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Sisterhood is Powerful!
Sisterhood is Powerful!
Sisters, sisters, there were never such devoted sisters…
National Sister’s Day is Sunday, August 6, and so we asked two of Moda’s sister-designers, Laurie Simpson and Polly Minick, to share how it was they came to work together and how they balance their design duties. Here’s what they had to say. (You’ll note that Laurie is a woman of fewer words than Polly. She did tell us though, that they have made it their "life's work" to avoid cameras, which is why if you ever see them together, snap a photo! You may not get another chance.) :
Does it surprise you that you work together?
Laurie: Yes! Because we never really had a relationship when I was a kid because she was grown up, married, and gone.
Polly: Yes and no. It is such a wonderful opportunity and we have enjoyed it, so I guess a surprise would be that are both so lucky to work together AT MODA. It was beyond both of our thoughts and wishes, but when the opportunity appeared we jumped in, very excited, and felt lucky and privileged.
It was not a surprise in the fact that we are both self-taught artists. We don’t work in the same field and neither of us was totally aware of what the other was doing, but when we started working together we realized that while one uses wool and the other cotton, we both love scrappy techniques and both love to use as many colors as we can. For me, a blue-and-white rug could have 40 blues and 12 whites, so that is the same for both of us. We both like folky and quirky and we both love the old and traditional, so for that reason it’s not a surprise.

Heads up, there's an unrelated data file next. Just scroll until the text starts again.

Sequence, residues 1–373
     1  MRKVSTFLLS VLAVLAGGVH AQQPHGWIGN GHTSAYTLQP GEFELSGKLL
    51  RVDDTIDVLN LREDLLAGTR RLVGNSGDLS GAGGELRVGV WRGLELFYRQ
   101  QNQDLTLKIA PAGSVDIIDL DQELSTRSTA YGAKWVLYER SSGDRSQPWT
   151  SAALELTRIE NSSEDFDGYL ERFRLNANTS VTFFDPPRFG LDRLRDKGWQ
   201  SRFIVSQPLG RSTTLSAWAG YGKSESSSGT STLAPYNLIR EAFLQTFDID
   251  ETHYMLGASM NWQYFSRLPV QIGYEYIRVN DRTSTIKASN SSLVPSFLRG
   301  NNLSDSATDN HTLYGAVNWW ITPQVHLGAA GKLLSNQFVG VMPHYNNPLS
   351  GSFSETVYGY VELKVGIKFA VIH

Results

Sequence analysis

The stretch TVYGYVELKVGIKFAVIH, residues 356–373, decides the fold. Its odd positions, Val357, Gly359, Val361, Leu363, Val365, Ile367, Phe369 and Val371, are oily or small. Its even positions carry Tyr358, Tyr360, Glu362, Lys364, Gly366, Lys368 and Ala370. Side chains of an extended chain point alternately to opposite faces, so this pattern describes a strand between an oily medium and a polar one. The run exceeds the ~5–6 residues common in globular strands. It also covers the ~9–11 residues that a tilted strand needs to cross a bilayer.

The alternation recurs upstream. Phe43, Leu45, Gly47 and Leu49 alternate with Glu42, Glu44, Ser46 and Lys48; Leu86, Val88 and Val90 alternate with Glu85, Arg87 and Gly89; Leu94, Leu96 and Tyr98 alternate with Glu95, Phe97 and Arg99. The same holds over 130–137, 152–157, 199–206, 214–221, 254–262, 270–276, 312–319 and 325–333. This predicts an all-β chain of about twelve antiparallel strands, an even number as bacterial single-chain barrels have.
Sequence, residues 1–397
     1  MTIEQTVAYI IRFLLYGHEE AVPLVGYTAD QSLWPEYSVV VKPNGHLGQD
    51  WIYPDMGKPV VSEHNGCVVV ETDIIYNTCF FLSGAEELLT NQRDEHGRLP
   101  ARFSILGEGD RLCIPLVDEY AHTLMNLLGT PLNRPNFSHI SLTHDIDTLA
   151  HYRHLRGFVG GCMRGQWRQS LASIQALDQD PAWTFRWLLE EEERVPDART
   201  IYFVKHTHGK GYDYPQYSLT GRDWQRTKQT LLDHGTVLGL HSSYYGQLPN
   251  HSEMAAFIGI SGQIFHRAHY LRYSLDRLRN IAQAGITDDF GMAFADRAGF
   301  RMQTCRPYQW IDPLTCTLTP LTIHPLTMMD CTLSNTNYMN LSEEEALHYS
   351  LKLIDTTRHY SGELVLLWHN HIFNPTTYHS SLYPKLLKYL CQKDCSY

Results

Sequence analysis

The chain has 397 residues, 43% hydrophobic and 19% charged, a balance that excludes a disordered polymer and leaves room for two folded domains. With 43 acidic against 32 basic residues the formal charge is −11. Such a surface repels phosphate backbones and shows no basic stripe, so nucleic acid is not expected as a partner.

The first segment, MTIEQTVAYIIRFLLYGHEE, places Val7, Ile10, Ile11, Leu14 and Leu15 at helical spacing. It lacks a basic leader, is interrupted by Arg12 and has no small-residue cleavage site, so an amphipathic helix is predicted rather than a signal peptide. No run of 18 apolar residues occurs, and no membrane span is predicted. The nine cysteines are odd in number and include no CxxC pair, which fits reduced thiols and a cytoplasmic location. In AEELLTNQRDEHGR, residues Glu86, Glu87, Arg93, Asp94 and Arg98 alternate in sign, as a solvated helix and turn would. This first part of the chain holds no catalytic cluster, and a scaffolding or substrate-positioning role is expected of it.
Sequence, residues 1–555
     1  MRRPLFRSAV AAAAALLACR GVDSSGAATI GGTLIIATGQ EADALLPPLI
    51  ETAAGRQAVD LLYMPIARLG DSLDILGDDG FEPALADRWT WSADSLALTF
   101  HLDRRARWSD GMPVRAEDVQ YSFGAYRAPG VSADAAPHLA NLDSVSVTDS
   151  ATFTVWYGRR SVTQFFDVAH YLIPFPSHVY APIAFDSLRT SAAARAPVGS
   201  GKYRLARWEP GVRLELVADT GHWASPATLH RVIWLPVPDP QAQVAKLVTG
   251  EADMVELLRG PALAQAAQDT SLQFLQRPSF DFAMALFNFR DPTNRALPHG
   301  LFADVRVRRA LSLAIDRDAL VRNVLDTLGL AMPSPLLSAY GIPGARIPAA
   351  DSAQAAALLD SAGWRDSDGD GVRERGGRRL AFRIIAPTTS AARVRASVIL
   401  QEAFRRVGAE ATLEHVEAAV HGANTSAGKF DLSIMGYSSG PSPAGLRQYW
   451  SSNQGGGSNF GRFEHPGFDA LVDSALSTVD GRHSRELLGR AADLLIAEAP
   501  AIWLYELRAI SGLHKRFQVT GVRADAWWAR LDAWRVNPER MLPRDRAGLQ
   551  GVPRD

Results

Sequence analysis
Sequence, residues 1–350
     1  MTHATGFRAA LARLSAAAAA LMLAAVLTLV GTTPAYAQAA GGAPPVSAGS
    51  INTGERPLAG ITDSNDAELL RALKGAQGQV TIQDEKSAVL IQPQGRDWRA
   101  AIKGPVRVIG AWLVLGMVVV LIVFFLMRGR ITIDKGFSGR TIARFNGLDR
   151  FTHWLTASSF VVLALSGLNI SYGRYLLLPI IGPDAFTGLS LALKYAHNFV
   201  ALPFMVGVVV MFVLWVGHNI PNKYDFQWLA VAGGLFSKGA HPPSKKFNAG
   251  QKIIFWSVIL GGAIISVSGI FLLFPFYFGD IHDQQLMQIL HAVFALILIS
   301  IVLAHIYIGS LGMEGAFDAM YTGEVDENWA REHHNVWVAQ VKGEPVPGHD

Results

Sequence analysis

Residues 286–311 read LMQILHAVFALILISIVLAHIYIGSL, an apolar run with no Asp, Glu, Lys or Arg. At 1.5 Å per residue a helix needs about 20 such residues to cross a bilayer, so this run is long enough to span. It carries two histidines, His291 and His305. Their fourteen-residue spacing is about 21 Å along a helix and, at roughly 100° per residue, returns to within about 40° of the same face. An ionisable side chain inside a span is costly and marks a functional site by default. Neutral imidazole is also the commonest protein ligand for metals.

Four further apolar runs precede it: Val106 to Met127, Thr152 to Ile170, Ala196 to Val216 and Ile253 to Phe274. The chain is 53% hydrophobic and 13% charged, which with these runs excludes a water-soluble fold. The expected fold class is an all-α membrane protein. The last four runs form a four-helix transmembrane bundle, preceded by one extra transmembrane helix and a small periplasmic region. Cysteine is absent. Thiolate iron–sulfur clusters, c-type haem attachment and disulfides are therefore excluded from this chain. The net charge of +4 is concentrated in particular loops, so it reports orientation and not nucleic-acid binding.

Do you have other siblings who share the same interest in textiles? Were others in your family interested and did they teach you to sew, draw, paint, etc?
Laurie: Hah! Only brothers, and I don’t remember any handwork or crafts from anyone.
Polly: We have two brothers and no one else in the family that we know of does anything like we do. Our mother did not and no aunts that I can remember did any type of handwork. And being from a huge Irish family, it’s kind of a surprise that we are the first. Laurie taught herself to quilt as a very young gal, maybe aged 12, and is totally self taught, saving money to buy little scraps of fabric. As our house did not have fabric stashed, as no one did quilting or any handwork. A few years later I taught myself to hook, mainly because I was an avid antique collector and was on a mission to hook two rugs to go with my decorating. After the two rugs were done, I expected to be done with this craft. Surprise!
How do you work together—what’s the process?
Laurie: We work digitally and get together maybe two or three days a year, but it’s by mostly cellphone and email. Polly gives me lots of room for quilt designing. We both have input on the fabric. Arm wrestling solves all disagreements. (Kidding.)
Polly: We live miles apart and work together only a couple times a year, and we use Quilt Market time to work. Other than that, I find things I like and send them to Laurie. Remember I do not sew, so I find goodies and she finds goodies, but she has to make them all. When another great quilt appears I have one suggestion: "Make it in blue for me." Now that is probably something Laurie could say that irritates her.
Laurie has to do all the sewing, so to try and balance that I am the travel agent and help in any way I can that does not involve sewing.
What’s great about working with your sister?
Laurie: We know each other’s strong suits.
Polly: Everything is great working together. There is an age difference of 15 years, so we were not close at home at a young age. I was out of the home when Laurie was a little girl, so finding that we liked to do somewhat same type of handwork later on was a nice surprise. I cannot think of anything that is not good working together. Laurie is sweeter and quieter than I, so if there is a problem, I would have to take the blame for sure.
So, Happy Sisters Day to Laurie and Polly (Minick & Simpson), Mary and Barb (of Me and My Sister Designs), and Susan and Lisa, the sisters who make up two-thirds of Sweetwater. And how about you—do you have a sister with whom you share a love of quilting? Let’s hear about her!